The first historical reference to the therapeutic properties of aloe is found on pottery drawings dating back to the Sumerian king Akkad. Ebers Papyrus, an Egyptian medical papyrus of herbal knowledge dating to circa 1550 BC and named after George Ebers who discovered it, contains references to the therapeutic properties of aloe, which indicates that such properties have been known for more than 3000 years.

In Egypt, aloe was the plant whose “blood” offered beauty, health and eternity. The Pharaohs believed that aloe was a longevity elixir and, when burying their dead, they offered a leaf of aloe as a symbol of eternal life.

Apart from aloe’s therapeutic properties, Egyptians had also discovered its cosmetic value as well. According to the myth, Cleopatra and Nefertiti – queens of Egypt – had intertwined the use of aloe with natural beauty. The beautiful Cleopatra used aloe in all her lotions, while Nefertiti took daily baths in aloe juice.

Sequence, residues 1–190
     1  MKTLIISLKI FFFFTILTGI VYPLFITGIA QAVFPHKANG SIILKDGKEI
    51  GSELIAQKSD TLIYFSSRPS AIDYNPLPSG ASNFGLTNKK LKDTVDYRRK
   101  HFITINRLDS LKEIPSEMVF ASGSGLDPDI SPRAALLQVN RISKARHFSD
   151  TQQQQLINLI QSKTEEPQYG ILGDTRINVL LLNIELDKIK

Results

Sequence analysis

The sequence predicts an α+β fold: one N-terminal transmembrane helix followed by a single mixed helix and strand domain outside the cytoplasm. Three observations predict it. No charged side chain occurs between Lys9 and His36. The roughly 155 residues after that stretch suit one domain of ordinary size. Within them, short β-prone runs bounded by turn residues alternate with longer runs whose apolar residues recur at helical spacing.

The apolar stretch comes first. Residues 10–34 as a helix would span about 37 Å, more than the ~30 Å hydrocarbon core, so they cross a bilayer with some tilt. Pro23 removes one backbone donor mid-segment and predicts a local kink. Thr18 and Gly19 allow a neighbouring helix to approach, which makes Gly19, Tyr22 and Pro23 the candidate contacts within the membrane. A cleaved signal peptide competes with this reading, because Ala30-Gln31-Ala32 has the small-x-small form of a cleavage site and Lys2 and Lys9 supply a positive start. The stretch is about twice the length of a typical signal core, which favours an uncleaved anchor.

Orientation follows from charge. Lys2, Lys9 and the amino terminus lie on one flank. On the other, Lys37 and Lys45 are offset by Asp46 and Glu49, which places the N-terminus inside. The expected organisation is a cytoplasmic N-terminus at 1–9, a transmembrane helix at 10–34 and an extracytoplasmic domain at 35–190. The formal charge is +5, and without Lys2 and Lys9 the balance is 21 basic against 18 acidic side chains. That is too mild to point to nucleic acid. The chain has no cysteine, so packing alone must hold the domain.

In ancient Greece, aloe symbolized beauty, patience, luck and health. More specifically, the first reference to aloe in western medicine is found in the work of Hippocrates (460-376 BC), who describes some of its many therapeutic properties.

In his book titled On Medical Material, Dioscorides makes detailed and enthusiastic reference to the therapeutic properties of aloe juice. Pliny confirmed the conclusions of Dioscorides in this Natural History.

Βασιλάκη Μαρία & Τζεκάκη Βασιλική (2014). Φυσικά συστατικά στην αισθητική και κοσμητολογία – Αλόη Βέρα.